# 3.1. Learning¶

The shallowest network is one that has no hidden layers at all. But this type of network can only solve one type of problem: those that are linearly separable. This notebook explores learning linearly and non-linearly separable datasets.

## 3.1.1. Linearly Separable¶

[1]:

import conx as cx
import random

Using TensorFlow backend.
ConX, version 3.7.5


First, let’s construct a fake linearly-separable dataset.

[2]:

count = 500

positives = [(i/count, i/(count * 2) + random.random()/6) for i in range(count)]
negatives = [(i/count, 0.3 + i/(count * 2) + random.random()/6) for i in range(count)]

[3]:

cx.scatter([
["Positive", positives],
["Negative", negatives],
],
symbols={"Positive": "bo", "Negative": "ro"})

[3]:


Let’s make a dataset out of these two types:

[4]:

ds = cx.Dataset()


A dataset is composed of:

• inputs - the (x,y)
• targets - [0] or [1]
• labels - a string representing the category
[5]:

ds.load([(p, [ 1.0], "Positive") for p in positives] +
[(n, [ 0.0], "Negative") for n in negatives])


Although the patterns will be shuffled during training, we will also shuffle them here just to make it clear that as we view them that the target should be determined from the (x,y) values.

[6]:

ds.shuffle()


We will save 10% of the patterns for testing/validation:

[7]:

ds.split(.1)


And finally, we look at the dataset summary to make sure it looks right:

[8]:

ds.summary()

_________________________________________________________________
Unnamed Dataset:
Patterns    Shape                 Range
=================================================================
inputs      (2,)                  (0.0, 0.998)
targets     (1,)                  (0.0, 1.0)
=================================================================
Total patterns: 1000
Training patterns: 900
Testing patterns: 100
_________________________________________________________________


Now we are ready to design the network. This one is fairly easy: the inputs and outputs are determined by the dataset. We need only determine the error function, the optimizer, and the activation function on the output layer:

[9]:

net = cx.Network("Linearly Separable", 2, 1, activation="sigmoid")


We associate the dataset with the network:

[10]:

net.set_dataset(ds)


And let’s use the dashboard to see the dataset and network:

[11]:

net.dashboard()


How complicated is this network?

[12]:

net.summary()

_________________________________________________________________
Layer (type)                 Output Shape              Param #
=================================================================
input (InputLayer)           (None, 2)                 0
_________________________________________________________________
output (Dense)               (None, 1)                 3
=================================================================
Total params: 3
Trainable params: 3
Non-trainable params: 0
_________________________________________________________________


We can get a flat array of these weights with net.to_array():

[13]:

net.to_array()

[13]:

[-0.67281747, 0.81628263, 0.0]


Before training, let’s see how bad the network does with these random weights:

[14]:

net.evaluate(tolerance=0.4, show=True)

Linearly Separable:
Training Data Results:
----+--------------+--------+------+-----+-
|              | target |      |     |
# |        input | output | loss | acc |
----+--------------+--------+------+-----+-
0 | [0.90, 0.83] | [0.00] | 0.52 |   x |
1 | [0.91, 0.86] | [0.00] | 0.52 |   x |
2 | [0.46, 0.65] | [0.00] | 0.56 |   x |
3 | [0.58, 0.30] | [1.00] | 0.54 |   x |
4 | [0.66, 0.42] | [1.00] | 0.53 |   x |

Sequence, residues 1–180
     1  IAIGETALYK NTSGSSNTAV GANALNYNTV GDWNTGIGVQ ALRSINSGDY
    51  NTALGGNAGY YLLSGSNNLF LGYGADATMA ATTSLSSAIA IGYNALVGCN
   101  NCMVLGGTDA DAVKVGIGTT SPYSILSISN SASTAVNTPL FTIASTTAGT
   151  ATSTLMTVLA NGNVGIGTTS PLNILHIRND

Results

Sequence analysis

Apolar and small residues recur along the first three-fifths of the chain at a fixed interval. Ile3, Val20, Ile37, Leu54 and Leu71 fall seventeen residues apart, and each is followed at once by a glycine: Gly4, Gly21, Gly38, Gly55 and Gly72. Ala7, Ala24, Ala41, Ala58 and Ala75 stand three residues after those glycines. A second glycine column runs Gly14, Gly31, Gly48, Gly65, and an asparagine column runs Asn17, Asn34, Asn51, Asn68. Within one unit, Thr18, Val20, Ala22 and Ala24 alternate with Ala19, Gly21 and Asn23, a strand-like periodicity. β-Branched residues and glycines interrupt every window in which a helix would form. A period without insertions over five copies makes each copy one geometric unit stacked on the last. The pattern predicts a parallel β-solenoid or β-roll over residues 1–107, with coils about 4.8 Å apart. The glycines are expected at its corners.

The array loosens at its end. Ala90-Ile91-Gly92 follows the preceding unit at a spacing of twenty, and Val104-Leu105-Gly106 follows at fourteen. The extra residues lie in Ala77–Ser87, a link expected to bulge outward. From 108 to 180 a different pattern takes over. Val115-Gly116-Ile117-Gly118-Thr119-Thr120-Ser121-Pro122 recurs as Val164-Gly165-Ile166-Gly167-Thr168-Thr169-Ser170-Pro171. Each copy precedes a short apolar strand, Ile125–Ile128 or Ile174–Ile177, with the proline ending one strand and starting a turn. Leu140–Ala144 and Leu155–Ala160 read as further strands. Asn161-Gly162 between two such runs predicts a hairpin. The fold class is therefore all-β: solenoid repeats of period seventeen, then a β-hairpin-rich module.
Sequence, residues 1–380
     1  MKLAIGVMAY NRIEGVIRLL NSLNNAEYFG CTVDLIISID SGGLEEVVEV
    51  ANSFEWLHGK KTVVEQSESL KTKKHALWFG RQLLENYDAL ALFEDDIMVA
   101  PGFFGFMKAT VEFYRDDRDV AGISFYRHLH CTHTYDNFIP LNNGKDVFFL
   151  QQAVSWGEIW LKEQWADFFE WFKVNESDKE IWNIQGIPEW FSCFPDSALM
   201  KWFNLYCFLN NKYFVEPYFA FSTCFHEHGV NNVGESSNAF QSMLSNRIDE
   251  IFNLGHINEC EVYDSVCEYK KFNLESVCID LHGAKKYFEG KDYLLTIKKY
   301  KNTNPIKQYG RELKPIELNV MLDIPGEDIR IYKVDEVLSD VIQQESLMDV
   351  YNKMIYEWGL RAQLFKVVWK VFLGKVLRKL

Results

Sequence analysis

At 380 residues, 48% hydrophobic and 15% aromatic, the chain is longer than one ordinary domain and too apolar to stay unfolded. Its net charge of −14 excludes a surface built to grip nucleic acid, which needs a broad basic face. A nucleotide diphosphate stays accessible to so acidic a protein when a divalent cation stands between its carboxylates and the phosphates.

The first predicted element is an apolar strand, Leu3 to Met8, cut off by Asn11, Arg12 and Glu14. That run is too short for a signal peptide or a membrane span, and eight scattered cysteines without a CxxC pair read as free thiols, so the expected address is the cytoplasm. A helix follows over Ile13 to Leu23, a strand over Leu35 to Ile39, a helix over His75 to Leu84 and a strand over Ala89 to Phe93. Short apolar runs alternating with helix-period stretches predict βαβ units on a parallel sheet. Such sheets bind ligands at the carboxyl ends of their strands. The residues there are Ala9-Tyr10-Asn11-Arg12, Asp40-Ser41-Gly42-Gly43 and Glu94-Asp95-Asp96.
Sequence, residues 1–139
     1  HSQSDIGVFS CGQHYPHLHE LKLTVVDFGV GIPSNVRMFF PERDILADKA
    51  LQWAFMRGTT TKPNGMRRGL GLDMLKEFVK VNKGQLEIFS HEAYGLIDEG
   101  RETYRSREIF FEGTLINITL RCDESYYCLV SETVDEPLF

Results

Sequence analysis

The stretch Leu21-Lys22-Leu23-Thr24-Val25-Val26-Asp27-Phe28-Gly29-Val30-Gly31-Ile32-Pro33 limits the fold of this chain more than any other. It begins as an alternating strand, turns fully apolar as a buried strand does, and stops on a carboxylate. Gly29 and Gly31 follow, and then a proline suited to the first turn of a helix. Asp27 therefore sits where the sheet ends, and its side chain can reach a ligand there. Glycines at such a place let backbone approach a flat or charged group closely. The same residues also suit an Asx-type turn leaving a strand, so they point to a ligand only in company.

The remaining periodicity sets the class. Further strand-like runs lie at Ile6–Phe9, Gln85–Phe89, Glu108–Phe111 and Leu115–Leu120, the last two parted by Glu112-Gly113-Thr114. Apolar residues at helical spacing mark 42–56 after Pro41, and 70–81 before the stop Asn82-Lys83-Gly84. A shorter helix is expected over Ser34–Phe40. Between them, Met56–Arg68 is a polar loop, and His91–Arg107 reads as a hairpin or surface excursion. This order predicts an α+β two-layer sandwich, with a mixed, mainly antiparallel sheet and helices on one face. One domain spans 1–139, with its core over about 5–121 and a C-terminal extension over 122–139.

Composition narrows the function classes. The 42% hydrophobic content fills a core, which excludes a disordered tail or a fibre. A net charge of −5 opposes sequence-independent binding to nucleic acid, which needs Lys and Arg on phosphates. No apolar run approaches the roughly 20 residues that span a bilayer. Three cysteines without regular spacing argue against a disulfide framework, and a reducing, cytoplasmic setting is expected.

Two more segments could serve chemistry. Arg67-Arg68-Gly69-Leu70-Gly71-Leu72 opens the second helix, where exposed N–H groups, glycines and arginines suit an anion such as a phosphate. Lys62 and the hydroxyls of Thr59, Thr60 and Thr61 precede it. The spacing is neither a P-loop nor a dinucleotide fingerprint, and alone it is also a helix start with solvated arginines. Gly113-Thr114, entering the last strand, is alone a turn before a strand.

5 | [0.92, 0.81] | [0.00] | 0.51 |   x |
6 | [0.04, 0.06] | [1.00] | 0.49 |   x |
7 | [0.19, 0.16] | [1.00] | 0.50 |   x |
8 | [0.85, 0.56] | [1.00] | 0.53 |   x |
9 | [0.28, 0.22] | [1.00] | 0.50 |   x |
10 | [0.15, 0.50] | [0.00] | 0.58 |   x |
11 | [0.87, 0.76] | [0.00] | 0.51 |   x |
12 | [0.77, 0.51] | [1.00] | 0.53 |   x |
13 | [0.93, 0.90] | [0.00] | 0.53 |   x |
14 | [0.10, 0.44] | [0.00] | 0.57 |   x |

... skipping some rows ...

----+--------------+--------+------+-----+-
Correct:                               0 |
-----------------------------------------+-
loss:       0.53
acc:       0.00

Testing Data Results:
----+--------------+--------+------+-----+-
|              | target |      |     |
# |        input | output | loss | acc |
----+--------------+--------+------+-----+-
900 | [0.33, 0.61] | [0.00] | 0.57 |   x |
901 | [0.27, 0.30] | [1.00] | 0.49 |   x |
902 | [0.55, 0.43] | [1.00] | 0.51 |   x |
903 | [0.11, 0.12] | [1.00] | 0.49 |   x |
904 | [0.01, 0.06] | [1.00] | 0.49 |   x |
905 | [0.27, 0.51] | [0.00] | 0.56 |   x |
906 | [0.40, 0.29] | [1.00] | 0.51 |   x |
907 | [0.45, 0.64] | [0.00] | 0.55 |   x |
908 | [0.99, 0.80] | [0.00] | 0.50 |   x |
909 | [0.98, 0.60] | [1.00] | 0.54 |   x |
910 | [0.18, 0.12] | [1.00] | 0.51 |   x |
911 | [0.94, 0.55] | [1.00] | 0.55 |   x |
912 | [0.81, 0.74] | [0.00] | 0.52 |   x |
913 | [0.09, 0.38] | [0.00] | 0.56 |   x |
914 | [0.74, 0.68] | [0.00] | 0.52 |   x |

... skipping some rows ...

----+--------------+--------+------+-----+-
Correct:                               0 |
-----------------------------------------+-
loss:       0.53
acc:       0.00


Also, we can use the net.plot_activation_map() method that Lisa introduced in the “Getting Started with ConX” notebook.

Recall that the method will sample from the range of possible inputs of two units of an input layer, and will show you a “heatmap” of the resulting activation of one unit in any hidden or output layer.

By default, it will use the first two units of a layer named “input” and will propagate to the first unit of a layer called “output”. This matches our network exactly, so we can just use the defaults.

[15]:

net.plot_activation_map(title="Before Training")


In addition, we can also put scatter plot on top of the activations, and give those points a legend by using the net.evaluate_and_label() method:

[17]:

# net.evaluate_and_label(tolerance=0.4)


This will return a list of tuples in the form:

(“LABEL (correct | wrong)”, INPUTS)

like so:

[('Negative (correct)',
[[0.5239999890327454, 0.7271904349327087],
...
[0.33000001311302185, 0.5292619466781616]]),